Willow Glen's western border has changed over the years following San Jose's many different annexations of swaths of formerly unincorporated parts of Santa Clara County between San Jose and Campbell, CA. Some restrictive opinions cap Willow Glen's western end at Meridian Avenue, which serves as the starting point for most of Willow Glen’s most important west to east running roads, while others assert that Leigh Avenue, which largely runs along San Jose's contemporary border with Campbell, is a more appropriate end. Indeed, while Meridian serves as a starting point for Willow Glenn Way and Minnesota and some important neighborhoods, Leigh is the starting point for “Willow Street,” which is perhaps the most important and historical of all major Willow Glen roads. In either case, few believe Willow Glen expands to the industrial areas west of San Jose's Southwest Expressway.
Today, Willow Glen's southern end is the most ill defined and subject to debate. This is primarily because, as the region has grown in population, many of the newer developments and municipal amenities servicing Willow Glen's population were placed south of Curtner Avenue -- which is the political border between San Jose City Counsel District 6 (serving Willow Glen and the Rose Garden) and District 9 (serving greater Cambrian and Blossom Hill). As such, many new schools, roads and developments are located far south of walking distance to Willow Glen's epicenter, the half-mile Lincoln Avenue corridor between Willow Street and Minnesota Avenue, and resident's in the more historical Willow Glen area are responsive to completely different political representation at city hall than residents living in the newer south. This leads to some restrictive opinions that claim Curtner Avenue is Willow Glen's true southern end. Others peg Foxworthy Avenue and even Hillsdale Avenue as the community's southern border.
Willow Glen neighborhoods are almost exclusively composed of custom or semi-custom homes in a diverse range of architectural styles. Many architect-commissioned houses can be seen in the neighborhood, including Victorian, Neoclassical (Queen Anne Cottage and Neocolonial), Colonial Revival, Craftsman, Mission, Prairie, Spanish Eclectic, Eichler Homes, and Tudor. In recent years many smaller houses have been replaced with larger houses.
Dancin' on the Avenue (DOTA) is Willow Glen's annual street party that occurs on one day in summer. It is celebrated along Lincoln Avenue, between Willow Street and Minnesota Avenue. The event is organized by the Willow Glen Business Association.
Founders' Day occurs in September although it has not been celebrated every year. The event celebrates the rich history, cultural heritage, and progressive present of the neighborhoods, homes, and community of Willow Glen. The highlight is a festive parade that proceeds down Lincoln Avenue. The origins of Founders' Day are not known. Archives of the Willow Glen Resident newspaper indicate it originates from the area's nine years of independence from San Jose between September 8, 1927 and September 4, 1936. Another view is that it celebrates the work of Antonio Maria Sunol who built Laura Ville in 1847.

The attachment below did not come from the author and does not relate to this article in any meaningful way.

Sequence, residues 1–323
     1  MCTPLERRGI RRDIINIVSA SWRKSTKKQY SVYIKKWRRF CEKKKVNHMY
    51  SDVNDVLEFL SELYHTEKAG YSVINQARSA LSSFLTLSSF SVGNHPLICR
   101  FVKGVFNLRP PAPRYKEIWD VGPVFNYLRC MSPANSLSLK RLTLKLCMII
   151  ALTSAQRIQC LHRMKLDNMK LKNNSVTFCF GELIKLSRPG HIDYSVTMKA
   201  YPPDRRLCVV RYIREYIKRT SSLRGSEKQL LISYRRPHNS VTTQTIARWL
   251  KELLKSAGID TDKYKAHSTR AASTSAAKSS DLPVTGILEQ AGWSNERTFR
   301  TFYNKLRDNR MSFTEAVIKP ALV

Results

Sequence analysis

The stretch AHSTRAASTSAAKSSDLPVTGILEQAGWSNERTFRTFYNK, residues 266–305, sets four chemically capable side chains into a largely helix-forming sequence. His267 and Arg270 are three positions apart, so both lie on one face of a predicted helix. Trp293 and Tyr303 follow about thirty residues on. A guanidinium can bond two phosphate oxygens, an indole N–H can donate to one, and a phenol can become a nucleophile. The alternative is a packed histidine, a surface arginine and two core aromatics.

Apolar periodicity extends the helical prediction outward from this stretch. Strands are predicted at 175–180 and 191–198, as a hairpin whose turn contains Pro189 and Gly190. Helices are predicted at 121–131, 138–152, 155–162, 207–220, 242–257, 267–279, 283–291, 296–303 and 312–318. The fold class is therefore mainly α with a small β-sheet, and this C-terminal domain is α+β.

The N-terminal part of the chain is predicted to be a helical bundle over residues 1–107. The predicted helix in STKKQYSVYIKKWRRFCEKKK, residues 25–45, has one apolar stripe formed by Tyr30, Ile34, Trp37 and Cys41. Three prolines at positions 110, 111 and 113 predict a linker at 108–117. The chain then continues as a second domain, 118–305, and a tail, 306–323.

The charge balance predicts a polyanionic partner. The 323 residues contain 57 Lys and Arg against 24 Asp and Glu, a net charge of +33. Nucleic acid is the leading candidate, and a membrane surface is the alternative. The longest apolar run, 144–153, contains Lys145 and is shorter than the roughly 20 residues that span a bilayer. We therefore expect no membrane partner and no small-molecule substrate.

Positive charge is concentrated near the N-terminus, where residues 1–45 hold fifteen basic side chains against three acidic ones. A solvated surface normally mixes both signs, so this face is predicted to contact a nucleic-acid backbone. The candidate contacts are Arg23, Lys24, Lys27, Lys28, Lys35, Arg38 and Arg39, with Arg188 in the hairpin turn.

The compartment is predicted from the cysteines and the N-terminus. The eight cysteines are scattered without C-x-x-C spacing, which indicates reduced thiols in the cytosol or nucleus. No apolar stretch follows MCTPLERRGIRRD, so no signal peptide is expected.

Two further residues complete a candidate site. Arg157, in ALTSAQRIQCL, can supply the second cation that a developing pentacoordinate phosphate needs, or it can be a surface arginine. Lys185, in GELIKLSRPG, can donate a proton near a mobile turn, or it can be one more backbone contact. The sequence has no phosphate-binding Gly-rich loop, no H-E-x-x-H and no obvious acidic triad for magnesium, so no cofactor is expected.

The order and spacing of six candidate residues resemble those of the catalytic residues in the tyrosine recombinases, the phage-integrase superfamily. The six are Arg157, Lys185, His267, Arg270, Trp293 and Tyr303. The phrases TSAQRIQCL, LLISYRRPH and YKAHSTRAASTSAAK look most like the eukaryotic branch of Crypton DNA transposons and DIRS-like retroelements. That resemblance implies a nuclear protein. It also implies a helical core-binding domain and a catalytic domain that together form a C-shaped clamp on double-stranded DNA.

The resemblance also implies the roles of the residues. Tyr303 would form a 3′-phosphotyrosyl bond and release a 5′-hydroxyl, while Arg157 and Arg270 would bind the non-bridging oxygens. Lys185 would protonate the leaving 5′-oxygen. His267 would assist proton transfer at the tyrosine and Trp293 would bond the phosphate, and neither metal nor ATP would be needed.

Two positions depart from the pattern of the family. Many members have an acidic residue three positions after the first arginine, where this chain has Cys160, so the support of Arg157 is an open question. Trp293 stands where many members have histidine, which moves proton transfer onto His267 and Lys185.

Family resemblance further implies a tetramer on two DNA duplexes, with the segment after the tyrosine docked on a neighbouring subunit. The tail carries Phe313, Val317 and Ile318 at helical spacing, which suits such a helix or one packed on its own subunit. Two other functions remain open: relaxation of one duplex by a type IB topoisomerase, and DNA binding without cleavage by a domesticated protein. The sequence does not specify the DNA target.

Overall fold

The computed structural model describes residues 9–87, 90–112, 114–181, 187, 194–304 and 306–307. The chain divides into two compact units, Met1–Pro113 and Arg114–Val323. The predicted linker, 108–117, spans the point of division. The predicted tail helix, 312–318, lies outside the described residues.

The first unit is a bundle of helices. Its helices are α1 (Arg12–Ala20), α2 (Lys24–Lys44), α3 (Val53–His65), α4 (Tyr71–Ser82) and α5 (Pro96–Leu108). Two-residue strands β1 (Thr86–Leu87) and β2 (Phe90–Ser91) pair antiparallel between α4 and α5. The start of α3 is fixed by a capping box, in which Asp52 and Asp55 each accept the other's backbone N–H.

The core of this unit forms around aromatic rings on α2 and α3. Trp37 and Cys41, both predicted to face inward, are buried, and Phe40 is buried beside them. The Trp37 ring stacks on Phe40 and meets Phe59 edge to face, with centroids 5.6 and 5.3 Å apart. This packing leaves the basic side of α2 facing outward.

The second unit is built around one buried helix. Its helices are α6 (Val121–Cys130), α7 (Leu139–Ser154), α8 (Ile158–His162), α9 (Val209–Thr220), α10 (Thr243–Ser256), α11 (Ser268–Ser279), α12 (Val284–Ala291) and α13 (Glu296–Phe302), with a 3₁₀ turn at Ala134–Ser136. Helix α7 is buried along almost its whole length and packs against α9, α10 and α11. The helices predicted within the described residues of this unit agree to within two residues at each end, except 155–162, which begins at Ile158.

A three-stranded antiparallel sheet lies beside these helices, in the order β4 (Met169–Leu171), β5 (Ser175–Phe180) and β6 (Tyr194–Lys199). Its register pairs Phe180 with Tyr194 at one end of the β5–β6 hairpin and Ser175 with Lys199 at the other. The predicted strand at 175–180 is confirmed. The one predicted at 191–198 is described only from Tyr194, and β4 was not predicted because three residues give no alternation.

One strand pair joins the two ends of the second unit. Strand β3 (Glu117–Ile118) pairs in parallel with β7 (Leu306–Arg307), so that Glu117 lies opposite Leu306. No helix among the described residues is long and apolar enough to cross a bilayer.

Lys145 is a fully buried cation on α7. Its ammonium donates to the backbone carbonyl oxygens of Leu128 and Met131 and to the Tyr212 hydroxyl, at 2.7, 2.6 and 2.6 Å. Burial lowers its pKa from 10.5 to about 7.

Willow Glen residents have a distinct Christmas tree decoration tradition. This tradition involves buying similar, very small, Christmas trees and placing them in the front yard ten feet from the sidewalk with multicolored lights. People and businesses in the neighborhood generally make significant decorations every year, both within the neighborhood and in the Lincoln Avenue business district, drawing visitors from all around the area.
The tradition of a Christmas tree on each residence's lawn was started in 1950 by Robert and Arlene Cimino. Trees were purchased in bulk from the Knights of Columbus and delivered to participating homes. The Ciminos moved from the area in 1956 and the tradition was continued by Frank Badagliacca, Jr. Hi wife, Dolores Badagliacca, came up with the idea of putting a single white light on the top of each tree. The tradition now stretches to over 200 streets in the greater San Jose area.
Although no railway stations exist within Willow Glen, the area is served well by VTA light rail and Caltrain stations on or near its borders: Fruitdale, Race, Curtner, Tamien, Diridon, and Virginia.
The two sections of the Los Gatos Creek Trail terminate in Willow Glen. The connection requires on-street travel through much of Willow Glen.
One section of the Guadalupe River Trail terminates near the far north east edge of Willow Glen but otherwise does not run through it.
The Highway 87 Bikeway runs along the eastern edge of Willow Glen but terminates at Willow Street at its most northern point.
The Three Creeks Trail runs diagonally through Willow Glen and passes close to downtown.